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Island Early Bird 200
Ride date: March 14, 2020
by Lorraine Nygaard

Just one week ago, the first 200km brevet of Vancouver Island’s season took place. Called the All But Three: Esquimalt Start, the route meanders through all but three of Greater Victoria’s 13 municipalities, through a great variety of quiet roads traversing through farms, lake shores, seaside, urban tranquility and more.
Good weather throughout the week created excitement, and eighteen people pre-registered on the Randopony.

As the event day drew close, the forecast for gale-force winds saw emails coming in with various excuses for not taking part. However, nine eager volunteers had signed up for the checkpoints and so, although the wind was howling and trees were swaying madly by Friday night, a last-minute post on Facebook stated that “Winds are bound to settle overnight. See you all in the morning”.
Alas, by Saturday morning, the wind was worse than ever, and the pegs could barely hold the control sign in the boulevard’s grass.

Three volunteers arrived by 6:30 a.m., urging me to cancel the ride. I felt that if riders showed and wanted to go after signing a waiver, it would not be my place to stop them.
Chad Grice arrived at 6:40, keen to ride. Two other riders arrived and were easily talked out of going, convinced that it would be smarter to ride on a calmer day. Ken Bonner arrived at 6:50, noting that there was no rain, and signing his waiver, produced the correct change to our registration team. Let’s note here that Chad had seen a piece of the Shell gas station sign fall in front of him on the way to the house, and that another rider had seen branches scattered on the roads.

The decision was made by the two men: they were going to give it a shot. Buddy Bhandar wanted to pedal along to support our two riders for the first leg of the event. The rest of us waved good-bye and good luck and hurriedly got back in the warmth of the house. The weather was brutal.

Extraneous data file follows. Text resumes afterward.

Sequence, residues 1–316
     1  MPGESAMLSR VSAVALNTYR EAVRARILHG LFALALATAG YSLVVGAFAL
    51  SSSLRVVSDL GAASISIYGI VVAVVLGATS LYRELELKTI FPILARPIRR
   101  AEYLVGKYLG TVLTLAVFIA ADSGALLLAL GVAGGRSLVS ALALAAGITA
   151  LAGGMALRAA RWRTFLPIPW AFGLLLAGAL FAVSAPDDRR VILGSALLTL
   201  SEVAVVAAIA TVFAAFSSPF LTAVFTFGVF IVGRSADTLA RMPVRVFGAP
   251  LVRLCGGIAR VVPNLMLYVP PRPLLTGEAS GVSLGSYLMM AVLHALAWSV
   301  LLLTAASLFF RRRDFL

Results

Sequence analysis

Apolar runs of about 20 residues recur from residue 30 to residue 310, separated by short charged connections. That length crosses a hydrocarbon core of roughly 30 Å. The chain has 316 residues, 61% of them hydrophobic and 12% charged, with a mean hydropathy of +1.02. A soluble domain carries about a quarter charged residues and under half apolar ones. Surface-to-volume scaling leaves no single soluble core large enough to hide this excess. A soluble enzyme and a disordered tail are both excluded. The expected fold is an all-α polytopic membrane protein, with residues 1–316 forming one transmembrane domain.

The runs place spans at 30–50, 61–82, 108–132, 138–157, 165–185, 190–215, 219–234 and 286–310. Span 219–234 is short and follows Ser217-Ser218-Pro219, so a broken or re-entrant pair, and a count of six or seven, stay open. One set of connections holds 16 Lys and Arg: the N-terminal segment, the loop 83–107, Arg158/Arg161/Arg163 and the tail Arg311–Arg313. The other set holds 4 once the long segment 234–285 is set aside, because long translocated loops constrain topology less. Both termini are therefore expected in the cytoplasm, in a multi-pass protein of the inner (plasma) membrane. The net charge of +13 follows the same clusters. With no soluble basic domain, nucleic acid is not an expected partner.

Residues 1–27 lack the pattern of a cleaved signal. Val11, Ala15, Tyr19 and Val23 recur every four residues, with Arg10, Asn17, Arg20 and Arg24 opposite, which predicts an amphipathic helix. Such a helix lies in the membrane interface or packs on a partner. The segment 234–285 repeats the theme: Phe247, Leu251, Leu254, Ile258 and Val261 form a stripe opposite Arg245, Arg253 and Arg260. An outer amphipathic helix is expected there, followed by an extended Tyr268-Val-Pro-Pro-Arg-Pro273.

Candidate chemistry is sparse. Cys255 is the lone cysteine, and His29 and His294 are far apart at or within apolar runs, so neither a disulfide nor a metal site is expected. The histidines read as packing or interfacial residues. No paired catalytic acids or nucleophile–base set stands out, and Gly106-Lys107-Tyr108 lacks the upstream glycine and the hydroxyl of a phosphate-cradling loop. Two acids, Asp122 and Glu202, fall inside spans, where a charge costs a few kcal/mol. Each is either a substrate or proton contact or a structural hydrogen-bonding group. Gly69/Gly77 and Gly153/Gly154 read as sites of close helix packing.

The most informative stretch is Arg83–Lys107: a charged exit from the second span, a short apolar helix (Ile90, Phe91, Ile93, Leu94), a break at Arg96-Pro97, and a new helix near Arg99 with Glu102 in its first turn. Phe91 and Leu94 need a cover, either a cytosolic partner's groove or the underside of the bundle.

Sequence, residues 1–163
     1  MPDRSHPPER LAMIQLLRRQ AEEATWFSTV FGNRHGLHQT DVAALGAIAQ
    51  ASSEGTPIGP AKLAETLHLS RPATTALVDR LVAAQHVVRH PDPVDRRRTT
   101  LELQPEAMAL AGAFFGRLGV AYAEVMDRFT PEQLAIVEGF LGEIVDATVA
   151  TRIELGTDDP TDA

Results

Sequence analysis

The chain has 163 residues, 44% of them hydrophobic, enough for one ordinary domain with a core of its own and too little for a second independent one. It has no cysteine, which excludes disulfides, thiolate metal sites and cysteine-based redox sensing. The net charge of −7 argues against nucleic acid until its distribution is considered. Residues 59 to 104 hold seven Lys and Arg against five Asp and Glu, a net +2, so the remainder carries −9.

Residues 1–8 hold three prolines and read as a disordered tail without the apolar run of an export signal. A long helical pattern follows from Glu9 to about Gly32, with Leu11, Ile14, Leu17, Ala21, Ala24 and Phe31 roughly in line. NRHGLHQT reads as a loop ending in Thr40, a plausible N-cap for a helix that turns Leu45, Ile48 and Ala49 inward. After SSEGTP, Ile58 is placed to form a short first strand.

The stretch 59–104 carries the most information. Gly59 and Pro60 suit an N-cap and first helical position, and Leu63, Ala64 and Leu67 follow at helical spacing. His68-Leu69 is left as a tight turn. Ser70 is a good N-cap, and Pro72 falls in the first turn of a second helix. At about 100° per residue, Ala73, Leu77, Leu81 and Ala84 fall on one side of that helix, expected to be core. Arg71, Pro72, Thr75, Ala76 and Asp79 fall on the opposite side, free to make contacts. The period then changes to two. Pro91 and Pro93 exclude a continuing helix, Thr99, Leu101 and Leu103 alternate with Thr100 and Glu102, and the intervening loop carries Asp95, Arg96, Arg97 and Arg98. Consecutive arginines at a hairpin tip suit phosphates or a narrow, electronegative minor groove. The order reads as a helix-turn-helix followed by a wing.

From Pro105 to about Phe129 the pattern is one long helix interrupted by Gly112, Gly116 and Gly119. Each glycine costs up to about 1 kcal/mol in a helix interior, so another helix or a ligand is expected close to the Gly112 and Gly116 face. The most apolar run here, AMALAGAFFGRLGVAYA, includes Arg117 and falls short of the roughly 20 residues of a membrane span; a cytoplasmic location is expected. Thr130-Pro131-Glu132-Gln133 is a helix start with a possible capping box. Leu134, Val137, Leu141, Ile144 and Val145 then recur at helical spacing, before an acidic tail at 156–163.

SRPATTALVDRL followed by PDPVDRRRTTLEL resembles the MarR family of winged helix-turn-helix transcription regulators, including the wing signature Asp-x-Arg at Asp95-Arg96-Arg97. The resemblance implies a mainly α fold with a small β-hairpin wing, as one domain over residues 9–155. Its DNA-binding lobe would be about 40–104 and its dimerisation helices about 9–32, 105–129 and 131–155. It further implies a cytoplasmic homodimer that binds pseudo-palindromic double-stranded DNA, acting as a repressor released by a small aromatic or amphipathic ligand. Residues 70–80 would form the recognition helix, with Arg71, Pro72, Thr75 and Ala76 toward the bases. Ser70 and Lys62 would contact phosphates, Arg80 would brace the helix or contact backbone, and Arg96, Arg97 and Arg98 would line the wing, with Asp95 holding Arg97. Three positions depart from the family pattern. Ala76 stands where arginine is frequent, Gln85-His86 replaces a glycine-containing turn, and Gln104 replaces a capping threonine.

We can only imagine the ferocity of the challenges on this particular day. The morning was coldand winds were sometimes as much as 80 km/hour, and swirled in every direction. It got slightly better by noon, but was still a very hard slog, winds continuing throughout the day, and getting fiercer again for the finish. The courage of both Chad and Ken is to be commended. They both came back in an exhausted state, but with smiles, and finished! It is a ride that those of us on event day will never forget.

All this said, I believe that it is because there was a volunteer at every checkpoint to give a smile and said “You’re doing great”, and the riders knowing that there was someone waiting at thosecheckpoints, that might have provided a little extra courage that day. If I am wrong, they can call me and I’ll edit this. In the meantime, I offer a very grateful shout out for giving up many hours ofyour Saturday to support this and other successful rides. Many thanks to Mark Payten, route and multiple deliveries; Stephen Hinde, strategics and paperwork; Rob Scrimgeour, photography; and to Sarah Gallagher, John Little, Roxanne Stedman, Melissa Haynes, Buddy Bhandar, Mark Ford, Dave Macmurchie, and Deirdre Arscott, excellent and supportive hosts at the controls. This event may hold the record for the greatest number of volunteers for the least number of riders.

The event also served as a great source of pondering throughout the week. The outcome of those thoughts are in the next writing.

Congratulations one and all for the many milestones.


Go to: Results
Go to: Pre-ride Report
Go to: Rob Scrimgeour's Photos (39 Images - Flickr)


March 23, 2020

 

 

 

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